Figure 2: Gendered Differences in School SafetyAs the SCS is almost entirely multiple choice, we can only speculate why these statistical differences emerged in the data. For instance, it is possible that high schoolers feel less safe between home and school because they are less likely than middle schoolers to get a ride from their parents; and there is a chance that boys are simply less likely to report that they have been bullied, out of a sense of pride. These are intriguing findings that we will need to research further to understand more clearly.

College ReadinessThe majority of MPN students who took the SCS intend to pursue higher education; however, disaggregating the survey responses reveals that Latino and male students are less likely and less confident in seeing college as part of their future.

Over two-thirds (69%) of MPN students plan to attend a four-year college, either straight from high school or as community college transfers; however, only 62% of boys/men in high school noted that they plan to attend college, compared to 90% of girls/women. As a whole, women in the U.S. are more likely to attend college than men; however, the nationwide gender imbalance in college students is nowhere near what we see in the SCS data.

While a majority of MPN students, regardless of gender, intend to earn a bachelor’s, Latino students were far likelier than non-Latino students to report uncertainty about their ability to attend and/or succeed in college. Half of non-Latino respondents noted that they were confident in their ability to go to college, compared to just one-third of Latinos. Per Figure 3, Latino students were also more likely to report their concerns over an array of specific barriers to college success, from academic preparation to financial capability.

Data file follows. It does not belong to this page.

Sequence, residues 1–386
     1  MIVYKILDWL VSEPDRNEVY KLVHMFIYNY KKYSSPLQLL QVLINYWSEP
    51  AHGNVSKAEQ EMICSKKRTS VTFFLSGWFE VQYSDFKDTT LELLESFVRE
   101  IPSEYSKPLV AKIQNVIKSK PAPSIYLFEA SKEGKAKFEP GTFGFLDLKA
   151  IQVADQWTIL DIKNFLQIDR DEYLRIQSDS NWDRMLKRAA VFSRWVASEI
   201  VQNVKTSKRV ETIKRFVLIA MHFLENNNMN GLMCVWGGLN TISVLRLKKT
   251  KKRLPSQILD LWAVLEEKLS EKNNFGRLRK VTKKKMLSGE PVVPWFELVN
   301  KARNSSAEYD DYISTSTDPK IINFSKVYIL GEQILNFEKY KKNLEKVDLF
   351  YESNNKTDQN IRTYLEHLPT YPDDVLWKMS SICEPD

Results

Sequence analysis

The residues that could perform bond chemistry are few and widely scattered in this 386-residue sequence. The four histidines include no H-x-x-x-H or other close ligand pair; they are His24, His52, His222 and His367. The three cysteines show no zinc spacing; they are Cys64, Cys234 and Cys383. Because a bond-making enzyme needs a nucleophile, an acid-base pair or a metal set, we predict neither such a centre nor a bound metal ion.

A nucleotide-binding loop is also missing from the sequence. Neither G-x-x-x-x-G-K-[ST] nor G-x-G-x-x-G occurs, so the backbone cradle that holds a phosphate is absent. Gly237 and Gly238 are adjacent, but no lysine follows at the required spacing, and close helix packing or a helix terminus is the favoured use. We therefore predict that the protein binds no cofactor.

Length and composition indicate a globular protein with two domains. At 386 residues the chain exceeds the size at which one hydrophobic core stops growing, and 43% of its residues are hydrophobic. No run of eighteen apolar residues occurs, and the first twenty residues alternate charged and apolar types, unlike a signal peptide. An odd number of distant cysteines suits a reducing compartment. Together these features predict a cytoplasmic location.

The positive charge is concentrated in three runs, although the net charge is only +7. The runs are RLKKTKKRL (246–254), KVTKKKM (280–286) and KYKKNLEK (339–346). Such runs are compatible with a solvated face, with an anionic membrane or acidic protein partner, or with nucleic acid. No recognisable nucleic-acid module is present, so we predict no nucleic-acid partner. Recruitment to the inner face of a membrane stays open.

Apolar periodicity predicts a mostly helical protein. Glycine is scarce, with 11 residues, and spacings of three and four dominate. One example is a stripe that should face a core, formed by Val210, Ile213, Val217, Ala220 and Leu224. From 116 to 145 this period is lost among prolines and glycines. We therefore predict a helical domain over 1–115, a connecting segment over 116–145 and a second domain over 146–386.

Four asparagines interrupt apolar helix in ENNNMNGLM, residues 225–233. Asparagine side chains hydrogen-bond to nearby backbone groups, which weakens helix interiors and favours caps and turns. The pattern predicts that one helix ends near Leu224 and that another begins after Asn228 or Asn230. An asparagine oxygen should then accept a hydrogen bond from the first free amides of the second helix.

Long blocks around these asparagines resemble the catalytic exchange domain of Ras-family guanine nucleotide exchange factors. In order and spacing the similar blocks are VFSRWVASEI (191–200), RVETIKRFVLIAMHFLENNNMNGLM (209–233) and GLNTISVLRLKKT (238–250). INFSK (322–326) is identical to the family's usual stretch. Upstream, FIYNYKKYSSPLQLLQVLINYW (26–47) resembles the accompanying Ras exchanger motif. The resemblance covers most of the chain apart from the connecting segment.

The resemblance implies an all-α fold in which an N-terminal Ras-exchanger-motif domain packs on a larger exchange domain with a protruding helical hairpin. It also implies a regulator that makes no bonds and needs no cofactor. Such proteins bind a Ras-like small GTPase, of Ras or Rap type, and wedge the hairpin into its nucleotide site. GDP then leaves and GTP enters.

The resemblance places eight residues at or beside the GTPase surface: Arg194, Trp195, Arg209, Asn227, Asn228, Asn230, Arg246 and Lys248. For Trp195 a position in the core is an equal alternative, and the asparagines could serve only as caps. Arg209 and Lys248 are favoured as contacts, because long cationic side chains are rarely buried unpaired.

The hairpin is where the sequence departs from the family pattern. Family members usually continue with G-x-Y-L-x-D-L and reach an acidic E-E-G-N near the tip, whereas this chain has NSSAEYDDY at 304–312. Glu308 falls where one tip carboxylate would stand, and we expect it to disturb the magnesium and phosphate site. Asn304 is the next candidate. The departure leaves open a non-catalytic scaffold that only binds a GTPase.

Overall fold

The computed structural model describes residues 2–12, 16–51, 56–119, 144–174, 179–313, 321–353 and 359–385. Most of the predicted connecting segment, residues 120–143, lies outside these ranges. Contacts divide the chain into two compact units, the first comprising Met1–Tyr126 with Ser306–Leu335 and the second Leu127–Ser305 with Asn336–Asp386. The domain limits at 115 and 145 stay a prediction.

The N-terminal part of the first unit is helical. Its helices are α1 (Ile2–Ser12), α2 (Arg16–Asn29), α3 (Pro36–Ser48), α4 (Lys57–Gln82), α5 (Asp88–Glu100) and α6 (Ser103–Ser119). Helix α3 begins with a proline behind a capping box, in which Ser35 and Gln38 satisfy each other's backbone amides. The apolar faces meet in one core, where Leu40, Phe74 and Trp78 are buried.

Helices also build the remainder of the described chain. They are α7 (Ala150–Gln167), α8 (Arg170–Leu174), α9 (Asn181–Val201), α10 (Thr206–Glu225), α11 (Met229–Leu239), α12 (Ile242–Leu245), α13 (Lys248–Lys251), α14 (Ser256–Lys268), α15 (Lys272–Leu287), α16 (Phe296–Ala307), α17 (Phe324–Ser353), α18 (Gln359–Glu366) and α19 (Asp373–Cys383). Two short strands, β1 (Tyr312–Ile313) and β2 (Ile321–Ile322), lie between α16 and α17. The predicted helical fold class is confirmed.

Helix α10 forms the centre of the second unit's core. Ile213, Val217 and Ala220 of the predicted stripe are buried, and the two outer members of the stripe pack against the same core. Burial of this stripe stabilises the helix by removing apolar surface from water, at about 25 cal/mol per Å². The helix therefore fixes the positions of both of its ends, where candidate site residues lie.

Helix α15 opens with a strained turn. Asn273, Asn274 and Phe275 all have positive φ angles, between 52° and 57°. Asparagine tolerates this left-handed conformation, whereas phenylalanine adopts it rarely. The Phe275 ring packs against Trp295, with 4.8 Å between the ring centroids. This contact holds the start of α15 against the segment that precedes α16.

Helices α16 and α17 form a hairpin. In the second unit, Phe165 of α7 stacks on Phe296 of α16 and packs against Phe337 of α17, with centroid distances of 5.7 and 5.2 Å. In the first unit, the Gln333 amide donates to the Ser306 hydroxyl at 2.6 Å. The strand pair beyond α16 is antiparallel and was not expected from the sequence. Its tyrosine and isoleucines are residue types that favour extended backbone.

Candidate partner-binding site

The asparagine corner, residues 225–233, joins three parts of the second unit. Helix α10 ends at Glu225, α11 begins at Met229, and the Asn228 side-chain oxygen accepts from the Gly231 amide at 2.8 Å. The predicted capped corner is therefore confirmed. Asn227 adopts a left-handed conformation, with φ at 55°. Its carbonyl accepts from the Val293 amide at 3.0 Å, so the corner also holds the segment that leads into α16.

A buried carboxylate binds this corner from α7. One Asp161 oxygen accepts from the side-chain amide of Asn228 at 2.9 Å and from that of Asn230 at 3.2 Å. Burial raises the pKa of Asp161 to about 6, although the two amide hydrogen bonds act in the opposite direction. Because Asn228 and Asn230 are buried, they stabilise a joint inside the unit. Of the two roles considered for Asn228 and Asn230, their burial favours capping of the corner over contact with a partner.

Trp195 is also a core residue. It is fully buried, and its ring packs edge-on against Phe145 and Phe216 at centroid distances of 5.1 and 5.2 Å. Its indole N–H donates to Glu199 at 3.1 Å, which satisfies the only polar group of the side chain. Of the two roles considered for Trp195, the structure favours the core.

Figure 3: Percentage of Students Reporting Various Concerns Over Barriers to CollegeThe School Climate Survey also asked respondents to name any specific resources they thought would help them succeed in college. Notably, the most frequently cited response was access to mental health resources – perhaps an indicator of the psychological stressors youth have faced during the COVID-19 pandemic, and/or widespread understanding about the benefits of mental health care. Other common responses ranged from additional academic support to financial aid to peer mentorship.

As with the data on school safety, we will need to explore in greater detail why there was such an imbalance between male and female respondents regarding their college plans, what else MPN partners can do to support Latino students on their pathways to college and what kinds of mental health supports would best help MPN students in postsecondary education.

Internet and Technology Access Remote learning during the COVID-19 pandemic laid bare the importance of equitable access to the internet and computing devices at home. Disparate quality in home internet and personal computers could exacerbate systemic disparities in achievement for students from low-income families.

As Figure 4 below shows, nearly all (95%) MPN students have access to the internet at home; however, over one-quarter (28%) of respondents do not have access to a home computer or laptop. Students with home internet but no home computer reported that they could access the internet through their smartphone, a tablet device and/or a video game console instead. Compared to a computer, none of those devices are optimal for students to complete homework, write essays or apply to jobs/colleges.